werewolf, werewolves and lycans

The Chupa Returns Again?

Let’s cover some bases first. Scientific tests in the form of monitored and recorded onsite experiments with cadavers have proven that the mandibles of maggots can leave wounds that look an awful lot like surgical cuts. Those same tests have shown that insects and scavengers tend to go after softer tissue first. The reason why dead livestock are sometimes missing things like eyes, genitals, and tongues is because those are the first things to be nibbled off or to decompose. It isn’t because the aliens or the Chupacabras have a taste for cow genitals. Natural decomposition processes and scavenging can be mistaken for surgical mutilation by even an experienced eye. And there would be no tracks left if a cow, say, were to die from some normal disease (not uncommon) and then the maggots and the scavengers got at them; the results might look an awful lot like the result of an alien autopsy or a Chupacabra attack. Does that explain, then, the cattle mutilation mystery? No. There are some cases that simply don’t fit the paradigm.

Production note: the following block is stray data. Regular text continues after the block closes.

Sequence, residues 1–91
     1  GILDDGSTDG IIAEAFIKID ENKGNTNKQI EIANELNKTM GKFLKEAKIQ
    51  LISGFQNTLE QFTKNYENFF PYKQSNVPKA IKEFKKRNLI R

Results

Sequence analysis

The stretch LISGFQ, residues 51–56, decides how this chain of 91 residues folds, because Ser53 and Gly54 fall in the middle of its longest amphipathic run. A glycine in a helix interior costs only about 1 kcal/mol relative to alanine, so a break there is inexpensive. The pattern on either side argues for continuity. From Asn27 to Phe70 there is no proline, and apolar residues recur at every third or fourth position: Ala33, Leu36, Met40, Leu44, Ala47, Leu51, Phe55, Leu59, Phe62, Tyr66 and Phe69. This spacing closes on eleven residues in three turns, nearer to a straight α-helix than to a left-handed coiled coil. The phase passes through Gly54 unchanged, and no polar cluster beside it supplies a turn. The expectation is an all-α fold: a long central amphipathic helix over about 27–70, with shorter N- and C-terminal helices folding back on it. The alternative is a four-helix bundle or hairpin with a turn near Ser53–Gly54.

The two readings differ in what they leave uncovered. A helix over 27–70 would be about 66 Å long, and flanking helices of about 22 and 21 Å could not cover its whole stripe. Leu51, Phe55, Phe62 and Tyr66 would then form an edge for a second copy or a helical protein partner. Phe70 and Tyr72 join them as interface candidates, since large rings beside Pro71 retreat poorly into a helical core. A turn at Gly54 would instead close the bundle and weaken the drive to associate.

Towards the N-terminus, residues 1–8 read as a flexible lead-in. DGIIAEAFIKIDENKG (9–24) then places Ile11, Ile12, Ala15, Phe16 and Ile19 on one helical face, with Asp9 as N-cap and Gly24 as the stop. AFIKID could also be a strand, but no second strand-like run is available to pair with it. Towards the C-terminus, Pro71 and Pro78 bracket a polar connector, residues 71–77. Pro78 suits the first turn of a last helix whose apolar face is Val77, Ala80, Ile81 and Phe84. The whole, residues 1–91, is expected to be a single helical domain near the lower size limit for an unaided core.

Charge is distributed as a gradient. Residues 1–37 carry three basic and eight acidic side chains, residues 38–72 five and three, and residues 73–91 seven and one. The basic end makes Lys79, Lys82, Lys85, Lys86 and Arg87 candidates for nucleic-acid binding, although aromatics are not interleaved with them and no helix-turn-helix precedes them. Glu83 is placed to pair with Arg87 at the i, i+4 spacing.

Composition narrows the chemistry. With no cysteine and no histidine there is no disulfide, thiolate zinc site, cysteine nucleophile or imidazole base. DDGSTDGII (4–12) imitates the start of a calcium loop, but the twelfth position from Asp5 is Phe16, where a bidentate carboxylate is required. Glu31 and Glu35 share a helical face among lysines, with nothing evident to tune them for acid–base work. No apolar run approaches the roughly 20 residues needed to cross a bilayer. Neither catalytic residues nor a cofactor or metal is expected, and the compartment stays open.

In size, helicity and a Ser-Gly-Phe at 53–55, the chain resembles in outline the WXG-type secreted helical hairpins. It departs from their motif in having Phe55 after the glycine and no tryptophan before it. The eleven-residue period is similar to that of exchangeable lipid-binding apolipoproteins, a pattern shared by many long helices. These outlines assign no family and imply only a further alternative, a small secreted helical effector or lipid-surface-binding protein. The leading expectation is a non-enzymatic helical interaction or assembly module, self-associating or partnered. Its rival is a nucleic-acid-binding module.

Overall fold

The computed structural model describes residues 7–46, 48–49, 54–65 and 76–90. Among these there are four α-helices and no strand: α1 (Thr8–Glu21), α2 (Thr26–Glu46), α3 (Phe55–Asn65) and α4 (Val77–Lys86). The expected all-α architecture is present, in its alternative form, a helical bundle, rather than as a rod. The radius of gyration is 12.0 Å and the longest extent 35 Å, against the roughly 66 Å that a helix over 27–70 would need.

What about the cases mentioned in this linked article? Can they be explained away by natural processes? And really, where *does* all that blood go? Cows have a lot of blood in them. Would it *all* seep into the ground or evaporate?

The Evil Cheezman • March 17, 2020


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